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moeen k

questions about Utility AI

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hi.

im reading about utility AI and seems its best new approach for programming NPCs.

there is not much resource about it. how it really works?

defining some actions, some scoring parameters. give score to those actions in any defined interval and choose best scorer as chosen action. that's all? is there any best approach for coding that in c# or Unity?

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Using that name is about 10 years old, but the model is much older.

The Sims is a good example of a game that uses it.  Every actor has a bunch of motives. You can see about 6 of them like hunger, bladder, energy, and social.  When the AI runs, it scans for a list of all the potential interactions. They range from things like "go to work", "play chess", "watch TV", "go to bed", "eat", "call a friend", and similar.  Each one looks at the motives and sees how well they can satisfy it, generating a score. When you're not hungry, eating won't satisfy any motives so it gets a very low score. When you are hungry, eating gets a much higher score. When you are dying of starvation food gets an incredibly high score.  Taking a shower is normally a very low score, unless your hygine is bad.  But taking a shower also has a tremendously high score when you catch fire, since it will put the fire out.  All the motives can have their utility score tabulated very rapidly, and the top items are considered by the AI for the next action.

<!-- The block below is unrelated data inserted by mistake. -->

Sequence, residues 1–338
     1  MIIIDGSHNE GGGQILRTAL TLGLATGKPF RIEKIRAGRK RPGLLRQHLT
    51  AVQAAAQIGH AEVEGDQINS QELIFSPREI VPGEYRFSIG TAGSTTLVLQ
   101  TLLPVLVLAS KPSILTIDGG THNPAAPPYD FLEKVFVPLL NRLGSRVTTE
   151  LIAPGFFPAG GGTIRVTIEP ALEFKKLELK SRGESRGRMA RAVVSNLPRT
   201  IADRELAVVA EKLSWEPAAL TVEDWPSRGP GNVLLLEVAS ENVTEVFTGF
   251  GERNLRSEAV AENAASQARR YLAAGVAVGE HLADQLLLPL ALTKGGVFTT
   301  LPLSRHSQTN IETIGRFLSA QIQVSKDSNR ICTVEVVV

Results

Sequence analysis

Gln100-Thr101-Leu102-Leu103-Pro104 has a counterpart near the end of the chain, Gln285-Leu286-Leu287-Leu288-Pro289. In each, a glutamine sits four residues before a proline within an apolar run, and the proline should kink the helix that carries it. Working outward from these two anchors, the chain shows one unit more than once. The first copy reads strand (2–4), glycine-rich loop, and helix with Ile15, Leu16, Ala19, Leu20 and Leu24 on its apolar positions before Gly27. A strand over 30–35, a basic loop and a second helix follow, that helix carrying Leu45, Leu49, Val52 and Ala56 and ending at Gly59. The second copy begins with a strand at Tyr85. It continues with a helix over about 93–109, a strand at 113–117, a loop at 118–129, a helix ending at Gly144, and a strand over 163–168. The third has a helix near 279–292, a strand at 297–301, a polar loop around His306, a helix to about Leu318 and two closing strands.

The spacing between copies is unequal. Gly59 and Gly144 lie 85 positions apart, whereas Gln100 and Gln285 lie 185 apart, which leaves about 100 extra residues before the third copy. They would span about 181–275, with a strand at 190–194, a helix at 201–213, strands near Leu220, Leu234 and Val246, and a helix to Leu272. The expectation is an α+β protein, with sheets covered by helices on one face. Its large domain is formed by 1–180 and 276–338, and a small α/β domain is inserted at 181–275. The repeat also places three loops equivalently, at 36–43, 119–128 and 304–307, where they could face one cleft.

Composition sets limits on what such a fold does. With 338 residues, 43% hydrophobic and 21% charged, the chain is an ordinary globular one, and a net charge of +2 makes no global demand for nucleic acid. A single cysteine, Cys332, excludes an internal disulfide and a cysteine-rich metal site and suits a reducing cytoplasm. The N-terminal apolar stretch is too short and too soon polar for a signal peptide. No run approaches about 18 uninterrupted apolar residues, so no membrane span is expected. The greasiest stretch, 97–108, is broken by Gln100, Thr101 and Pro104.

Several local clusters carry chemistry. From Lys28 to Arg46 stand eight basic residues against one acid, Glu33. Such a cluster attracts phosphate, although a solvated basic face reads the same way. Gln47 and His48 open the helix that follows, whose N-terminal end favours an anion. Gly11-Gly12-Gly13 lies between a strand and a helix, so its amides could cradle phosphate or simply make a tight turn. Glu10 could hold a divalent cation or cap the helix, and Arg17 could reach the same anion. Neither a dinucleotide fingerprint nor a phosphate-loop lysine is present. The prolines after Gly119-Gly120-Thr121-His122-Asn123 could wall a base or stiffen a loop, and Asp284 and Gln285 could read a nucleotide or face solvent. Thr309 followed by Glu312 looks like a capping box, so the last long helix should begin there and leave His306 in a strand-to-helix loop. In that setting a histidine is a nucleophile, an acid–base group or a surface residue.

More complex utilities can be developed in different games.  In city building games, the utility of each building can have many different scores.  It may have a score because of the direct effect, and it may have more score because of side effects.  Sum them all together than that's the total utility.  The choices with the highest utility should then be considered using additional criteria, such as the availability of resources.

As an approach, there are basically two: ask the object for a score, or ask how they change motives. In the first you can query the object giving it the list of your needs and than asking a score as a result. It can be a single function that takes a collection and returns a float. Or you can reverse it, asking every object what satisfaction it provides and it returns a collection, then use the resulting collection of motives to compute the score yourself.  Which is better depends on your game's plans, if and how you intent do expand your game in the future, the design of your game, what you use for utility functions, and much more.

 

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29 minutes ago, IADaveMark said:

Sorry... my fault.

Wait. I thought you were responsible for the name "utility-based salad". :)

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